be displayed automatically in a different context when its word
occurrences are displayed, or only in the context in which the
headword itself is displayed? These are the kind of questions of
annotation and context that can only really be explored in an
integrated environment such as the one described here, and
some of the discussion in this presentation will come from
prototypes built to work with the RDF data application VLMA,
with the beginnings of a TACT-like text analysis tool, and on
a tool based on Google maps that allows one to annotate a
Building our tools in contexts such as Pliny’s that allow for a
complex interaction between components results in a much
richer, and more appropriate, experience for our digital user.
For the fi rst time, perhaps, s/he will be able to experience
the kind of interaction between the materials that are made
available through applications that expose, rather than hide, the
true potential of digital objects. Pliny provides a framework
in which objects from different tools are brought into close
proximity and connected by the paradigm of annotation.
Perhaps there are also paradigms other than annotation that
are equally interesting for object linking?
Birsan, Dorian (2005). “On Plug-ins and Extensible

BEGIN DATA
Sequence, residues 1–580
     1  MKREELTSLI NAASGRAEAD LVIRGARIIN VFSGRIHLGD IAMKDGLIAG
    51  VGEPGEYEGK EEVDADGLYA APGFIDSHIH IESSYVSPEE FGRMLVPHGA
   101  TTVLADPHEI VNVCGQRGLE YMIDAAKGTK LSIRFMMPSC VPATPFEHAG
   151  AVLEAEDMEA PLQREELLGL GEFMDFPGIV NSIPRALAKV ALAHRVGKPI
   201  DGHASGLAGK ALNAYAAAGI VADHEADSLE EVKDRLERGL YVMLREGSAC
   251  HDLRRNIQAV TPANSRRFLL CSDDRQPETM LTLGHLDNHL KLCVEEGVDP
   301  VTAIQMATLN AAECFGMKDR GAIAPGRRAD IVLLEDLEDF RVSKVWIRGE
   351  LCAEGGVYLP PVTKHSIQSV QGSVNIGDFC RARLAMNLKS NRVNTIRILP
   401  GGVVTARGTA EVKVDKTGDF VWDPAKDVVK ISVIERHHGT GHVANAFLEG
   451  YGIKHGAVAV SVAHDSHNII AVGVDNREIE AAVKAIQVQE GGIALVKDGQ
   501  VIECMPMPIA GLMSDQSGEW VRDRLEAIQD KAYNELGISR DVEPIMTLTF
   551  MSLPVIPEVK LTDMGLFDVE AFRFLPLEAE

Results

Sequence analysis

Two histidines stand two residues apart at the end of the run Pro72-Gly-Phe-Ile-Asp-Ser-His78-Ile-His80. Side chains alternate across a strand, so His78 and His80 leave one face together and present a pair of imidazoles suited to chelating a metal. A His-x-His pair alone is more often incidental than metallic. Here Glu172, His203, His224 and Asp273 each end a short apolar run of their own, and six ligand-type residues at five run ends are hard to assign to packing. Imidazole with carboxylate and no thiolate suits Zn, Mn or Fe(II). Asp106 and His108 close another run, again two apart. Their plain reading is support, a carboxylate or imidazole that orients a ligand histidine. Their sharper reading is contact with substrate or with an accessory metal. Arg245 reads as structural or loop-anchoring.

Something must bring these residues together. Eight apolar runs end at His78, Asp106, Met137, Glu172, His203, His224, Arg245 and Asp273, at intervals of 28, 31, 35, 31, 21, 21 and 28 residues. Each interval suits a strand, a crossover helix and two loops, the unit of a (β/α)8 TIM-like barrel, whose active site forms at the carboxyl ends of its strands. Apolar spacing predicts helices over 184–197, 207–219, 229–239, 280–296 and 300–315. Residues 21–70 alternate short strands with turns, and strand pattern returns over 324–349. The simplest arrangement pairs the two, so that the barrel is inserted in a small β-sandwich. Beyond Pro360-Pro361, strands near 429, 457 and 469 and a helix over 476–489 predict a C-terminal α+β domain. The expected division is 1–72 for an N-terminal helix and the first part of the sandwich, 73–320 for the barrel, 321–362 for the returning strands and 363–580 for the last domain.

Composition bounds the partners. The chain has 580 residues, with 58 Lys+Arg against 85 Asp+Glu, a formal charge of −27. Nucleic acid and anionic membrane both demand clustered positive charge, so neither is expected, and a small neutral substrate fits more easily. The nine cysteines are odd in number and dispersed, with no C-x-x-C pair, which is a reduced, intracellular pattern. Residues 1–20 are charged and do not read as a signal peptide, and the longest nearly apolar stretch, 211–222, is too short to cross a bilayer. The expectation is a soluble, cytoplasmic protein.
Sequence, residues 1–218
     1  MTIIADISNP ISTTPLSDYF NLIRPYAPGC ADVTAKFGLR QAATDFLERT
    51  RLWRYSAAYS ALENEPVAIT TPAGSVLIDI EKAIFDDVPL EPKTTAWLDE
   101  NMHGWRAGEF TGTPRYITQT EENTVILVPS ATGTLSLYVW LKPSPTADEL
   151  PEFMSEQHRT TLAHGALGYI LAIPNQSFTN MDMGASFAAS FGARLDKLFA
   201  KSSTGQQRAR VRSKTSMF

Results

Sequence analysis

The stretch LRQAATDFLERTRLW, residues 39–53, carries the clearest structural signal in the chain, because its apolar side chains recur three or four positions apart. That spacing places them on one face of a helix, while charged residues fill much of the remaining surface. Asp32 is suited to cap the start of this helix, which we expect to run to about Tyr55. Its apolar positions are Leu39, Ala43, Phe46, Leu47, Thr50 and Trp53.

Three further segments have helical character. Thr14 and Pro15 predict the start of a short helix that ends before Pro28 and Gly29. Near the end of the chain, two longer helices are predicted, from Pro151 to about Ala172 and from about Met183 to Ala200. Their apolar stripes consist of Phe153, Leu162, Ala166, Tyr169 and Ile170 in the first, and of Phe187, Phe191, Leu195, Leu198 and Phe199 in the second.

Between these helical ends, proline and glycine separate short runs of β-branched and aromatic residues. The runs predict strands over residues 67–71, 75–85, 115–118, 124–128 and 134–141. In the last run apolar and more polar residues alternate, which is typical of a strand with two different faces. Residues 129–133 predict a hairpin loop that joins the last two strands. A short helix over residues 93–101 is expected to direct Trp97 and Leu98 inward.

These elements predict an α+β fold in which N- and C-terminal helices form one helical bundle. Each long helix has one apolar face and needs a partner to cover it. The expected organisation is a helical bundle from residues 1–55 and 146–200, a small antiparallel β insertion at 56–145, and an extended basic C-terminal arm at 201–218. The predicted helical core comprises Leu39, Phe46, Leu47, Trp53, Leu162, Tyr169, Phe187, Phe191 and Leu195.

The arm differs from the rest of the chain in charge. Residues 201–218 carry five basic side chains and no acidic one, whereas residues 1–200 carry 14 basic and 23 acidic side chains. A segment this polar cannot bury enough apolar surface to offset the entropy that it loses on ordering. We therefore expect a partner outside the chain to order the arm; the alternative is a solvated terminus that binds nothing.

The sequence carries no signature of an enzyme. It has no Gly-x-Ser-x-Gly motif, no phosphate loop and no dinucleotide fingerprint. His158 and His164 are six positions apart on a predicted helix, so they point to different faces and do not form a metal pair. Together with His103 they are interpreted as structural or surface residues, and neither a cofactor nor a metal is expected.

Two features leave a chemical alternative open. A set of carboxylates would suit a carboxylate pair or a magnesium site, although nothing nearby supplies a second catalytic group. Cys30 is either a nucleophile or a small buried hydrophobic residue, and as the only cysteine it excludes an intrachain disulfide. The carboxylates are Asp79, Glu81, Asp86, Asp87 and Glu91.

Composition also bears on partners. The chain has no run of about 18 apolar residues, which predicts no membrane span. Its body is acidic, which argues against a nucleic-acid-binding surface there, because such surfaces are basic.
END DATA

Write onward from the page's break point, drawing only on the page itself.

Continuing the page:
Architectures”, In Queue (ACM), Vol 3 No 2.
Bradley, John (2005). “What you (fore)see is what you get:
Thinking about usage paradigms for computer assisted text
analysis” in Text Technology Vol. 14 No 2. pp 1-19. Online at
2.pdf (Accessed November 2007).
Bradley, John (2007). “Making a contribution: modularity,
integration and collaboration between tools in Pliny”. In
book of abstracts for the DH2007 conference, Urbana-
Champaign, Illinois, June 2007. Online copy available at http://
(Accessed October 2007).
Eclipse 2005-7. Eclipse Project Website. At http://www.eclipse.
org/ (Accessed October 2007).
Juxta (2007). Project web page at http://www.nines.org/tools/
juxta.html (accessed November 2007).
Ott, Wilhelm (2000). “Strategies and Tools for Textual
Scholarship: the Tübingen System of Text Processing
Programs (TUSTEP)” in Literary & Linguistic Computing, 15:1
Pliny 2006-7. Pliny Project Website . At http://pliny.cch.kcl.ac.uk
(Accessed October 2007).
VLMA (2005-7). VLMA: A Virtual Lightbox for Museums and
Archives. Website at http://lkws1.rdg.ac.uk/vlma/ (Accessed
WordHoard (2006-7). WordHoard: An application for close
reading and scholarly analysis of deeply tagged texts. Website
(Accessed November 2007).
Xaira (2005-7). Xaira Page. Website at http://www.oucs.ox.ac.
uk/rts/xaira/ (Accessed October 2007).
Zotero (2006-7). Zotero: A personal research assistant. Website
at http://www.zotero.org/ (Accessed September 2007).